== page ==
How to set up a blackwater aquarium using aquarium botanicals by Betta Botanicals.

How to Set Up and Cycle a Fish Tank

Setting up a new fish tank in your home is always an exciting experience, but for first timers there is a lot of conflicting knowledge around how to do it. This aquarium guide for setting up a fish tank is the way I have done it for the past 20 years, without fail. Other aquarium hobbyists will have other tips and tricks which you can absolutely follow, but use this aquarium guide as a backbone (or overarching theme) for the necessary steps.

Top Tips for Setting up your First Aquarium

1) Don’t rush. Mother nature waits for nobody.

2) Bacteria are your friend. They are the life force behind a functioning aquarium.

3) Water changes. Every week(ish). About 30%(ish).

4) Research the fish you want, don't impulse buy...

 Let’s Dive In!


An empty botanical method aquarium for a future blackwater biotope by Betta Botanicals.
An empty aquarium which will eventually house a blackwater aquarium.

Step #1 in Setting Up Your New Aquarium

Fill up your aquarium with water on a level surface, and let sit for 24 hrs. You want to make sure that you bought a watertight glass box. This is especially important if you bought it second hand, or had it shipped to your home. Once that is done, you can drain out the water and lay your substrate. Substrate is a personal choice, but could range from rainbow gravel, to fine sand, to an aquasoil. Then, fill it back up with water and add water conditioner. I recommend Prime from Seachem.

Aquarium gravel in a botanical style aquarium by Betta Botanicals.

Adding substrate into an empty aquarium.

Aquarium Bacteria is the most Important Part to Success!

When fish pee, poop, don't eat all the food, or die, we need bacteria to consume and break down these materials into Ammonia, Nitrites and Nitrates. These bacteria live all around us, literally in the air we breathe, and we can help their establishment! Ask your friend who has an established aquarium for a piece of driftwood, a bit of filter media, a bit of gravel, or buy a pre‑made bacterial additive to jump start the aquarium. Bacterial colonization happens best in warm temps, so make sure your heater is set to 78F, and your filter is up and running. Whether you seed the tank with bacteria or not, pouring a 1/2 tsp of fish food into the tank is next! you wait. Grab a test kit (like from API) and buckle up for some science! Developing bacteria to process ammonia can take anywhere from 2‑6 weeks depending on your method. If you want to speed up the process, I will have to disappoint you because there are no shortcuts. You will need to be patient. However, in my experience of fish keeping, the use of aquarium botanicals drastically helps you to cycle an aquarium because they increase the surface area inside of the tank.

A test kit for a botanical aquarium by Betta Botanicals.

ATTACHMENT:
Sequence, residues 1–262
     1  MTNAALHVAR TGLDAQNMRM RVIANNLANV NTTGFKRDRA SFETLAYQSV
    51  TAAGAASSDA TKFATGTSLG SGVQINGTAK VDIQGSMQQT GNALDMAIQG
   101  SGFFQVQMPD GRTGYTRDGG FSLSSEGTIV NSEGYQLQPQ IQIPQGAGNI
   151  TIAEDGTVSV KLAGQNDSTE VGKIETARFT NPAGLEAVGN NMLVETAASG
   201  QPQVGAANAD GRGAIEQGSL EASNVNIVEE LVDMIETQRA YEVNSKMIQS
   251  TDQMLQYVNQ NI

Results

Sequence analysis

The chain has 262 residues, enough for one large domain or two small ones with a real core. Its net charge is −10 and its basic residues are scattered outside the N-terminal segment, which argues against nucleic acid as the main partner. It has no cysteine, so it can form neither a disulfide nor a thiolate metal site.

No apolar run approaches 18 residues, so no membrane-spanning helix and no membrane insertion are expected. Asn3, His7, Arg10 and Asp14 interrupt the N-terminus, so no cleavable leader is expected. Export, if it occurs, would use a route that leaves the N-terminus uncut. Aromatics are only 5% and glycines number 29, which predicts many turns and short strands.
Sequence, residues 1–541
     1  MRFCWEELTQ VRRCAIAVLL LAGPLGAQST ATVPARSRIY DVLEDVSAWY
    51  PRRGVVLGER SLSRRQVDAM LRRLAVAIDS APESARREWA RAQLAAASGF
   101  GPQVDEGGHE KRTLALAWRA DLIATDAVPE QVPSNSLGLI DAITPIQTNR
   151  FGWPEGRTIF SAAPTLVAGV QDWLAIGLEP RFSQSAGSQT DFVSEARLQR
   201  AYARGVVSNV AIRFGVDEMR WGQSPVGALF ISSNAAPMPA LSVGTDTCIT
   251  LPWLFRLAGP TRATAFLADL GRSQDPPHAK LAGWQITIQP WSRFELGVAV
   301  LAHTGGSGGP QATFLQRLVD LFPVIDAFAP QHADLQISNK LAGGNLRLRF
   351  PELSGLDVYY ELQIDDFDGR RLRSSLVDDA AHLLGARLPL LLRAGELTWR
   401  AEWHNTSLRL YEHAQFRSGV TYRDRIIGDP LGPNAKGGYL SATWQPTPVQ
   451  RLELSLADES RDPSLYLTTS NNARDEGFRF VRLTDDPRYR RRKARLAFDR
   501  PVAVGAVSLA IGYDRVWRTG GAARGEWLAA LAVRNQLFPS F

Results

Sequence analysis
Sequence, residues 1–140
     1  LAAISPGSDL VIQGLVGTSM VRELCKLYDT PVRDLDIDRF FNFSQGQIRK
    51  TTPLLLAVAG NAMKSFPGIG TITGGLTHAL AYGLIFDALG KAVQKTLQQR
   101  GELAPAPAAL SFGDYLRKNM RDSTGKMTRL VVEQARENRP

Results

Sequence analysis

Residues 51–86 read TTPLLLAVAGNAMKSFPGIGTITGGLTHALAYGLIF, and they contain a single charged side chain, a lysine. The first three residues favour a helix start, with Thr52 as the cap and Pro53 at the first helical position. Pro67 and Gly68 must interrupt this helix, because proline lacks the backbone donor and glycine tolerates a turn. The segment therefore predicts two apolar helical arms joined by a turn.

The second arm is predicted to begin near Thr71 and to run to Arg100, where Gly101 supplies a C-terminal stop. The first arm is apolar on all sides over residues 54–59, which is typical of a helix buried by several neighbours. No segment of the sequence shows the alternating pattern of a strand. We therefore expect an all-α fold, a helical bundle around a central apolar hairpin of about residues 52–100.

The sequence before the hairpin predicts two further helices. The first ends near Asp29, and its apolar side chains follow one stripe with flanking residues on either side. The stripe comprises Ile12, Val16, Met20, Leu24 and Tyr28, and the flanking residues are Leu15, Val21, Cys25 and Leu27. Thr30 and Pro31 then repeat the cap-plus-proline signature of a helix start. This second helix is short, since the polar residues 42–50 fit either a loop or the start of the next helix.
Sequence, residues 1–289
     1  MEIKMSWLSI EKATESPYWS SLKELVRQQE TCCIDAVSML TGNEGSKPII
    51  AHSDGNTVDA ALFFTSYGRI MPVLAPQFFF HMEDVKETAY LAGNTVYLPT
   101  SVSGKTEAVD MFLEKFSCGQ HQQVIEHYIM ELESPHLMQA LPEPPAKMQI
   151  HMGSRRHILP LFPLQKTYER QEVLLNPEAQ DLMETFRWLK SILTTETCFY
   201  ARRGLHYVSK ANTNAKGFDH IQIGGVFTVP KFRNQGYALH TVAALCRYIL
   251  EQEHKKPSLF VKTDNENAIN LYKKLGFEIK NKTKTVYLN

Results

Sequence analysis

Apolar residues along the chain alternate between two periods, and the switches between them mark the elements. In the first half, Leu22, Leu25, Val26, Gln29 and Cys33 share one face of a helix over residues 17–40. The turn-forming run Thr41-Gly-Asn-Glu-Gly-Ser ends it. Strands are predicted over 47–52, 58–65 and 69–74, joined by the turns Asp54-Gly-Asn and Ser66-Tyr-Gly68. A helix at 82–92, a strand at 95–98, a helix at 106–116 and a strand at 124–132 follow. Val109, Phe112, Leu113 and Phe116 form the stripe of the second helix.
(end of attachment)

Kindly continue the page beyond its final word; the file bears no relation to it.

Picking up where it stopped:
API water test vials for measuring ammonia.

Water Testing is Key in Your New Aquarium

Every other day after adding that fish food, you should test for Ammonia. I use a test kit from API. Once you’ve got Ammonia, begin testing for Nitrites, and subsequently for Nitrates. Once your Ammonia reading does not change color per test kit specifications, and the nitrite reading does not change (this means they are effectively zero), we are ready for the next step. Adding LIFE!

Go Slow, Nature Finds A Way

The first forms of life should only be added to your aquarium after you have;

1) ~Zero Ammonia and Zero Nitrites

2) Did your first 20% water exchange

3) Written down on your calendar a day of the week you plan to consistently do a 30% water change.

I love Wednesdays because #waterchangewednesday is a fun event to partake in on Instagram. Make sure your aquarium heater has warmed your water by reading your tank thermometer, and that your filter is running. The first forms of life you add should be something simple and hardy.

Examples; rams horn snails, mystery snails, pond snails, rasboras, tetras, platys, barbs or a BETTA! Proper research on stocking combinations is recommended. ie. Google.

Acclimating new fish to a botanical style aquarium with aquarium botanicals by Betta Botanicals.

Acclimating new fish to a botanical blackwater aquarium.

Your New Aquarium will be a Focal Point in Your Home

I want you to have an eye grabbing aquarium in your space. I recommend you get into the habit of weekly water changes of ~30%, feeding only what your fish eats in 60 seconds, and being patient. Adding in new tank inhabitants slowly are important. The bacteria you cultivated in the beginning will grow with the livestock you add, but not overnight. Aquariums function on the scale of weeks and months, and you will learn over time how your tank evolves. Do not overstock your tank, which you can learn more about through Google 😉. Run your lights for 6-8 hrs when you’re home, and maybe longer if you have plants (put them on a smart plug too!)

Do Your Research before Getting an Aquarium

Remember, don’t forget your water conditioner. This removes toxic chemicals in your tap water. Additionally, an aquarium is an ecosystem. Just because it doesn’t have live plants (yet!) or aquarium botanicals, doesn’t mean it’s any less of an ecosystem. You are in control of its health, and there are so many tools at your fingertips to help you. Go slow, purposely decide what fish you want before you get to the pet store, and spend some time looking at other tanks to see what you like, and don’t like. Send an email to if you have any questions, and if you made it this far in this guide, you’re well on your way to having a successful tank.

Have a great day!

Ben 🍂🌿




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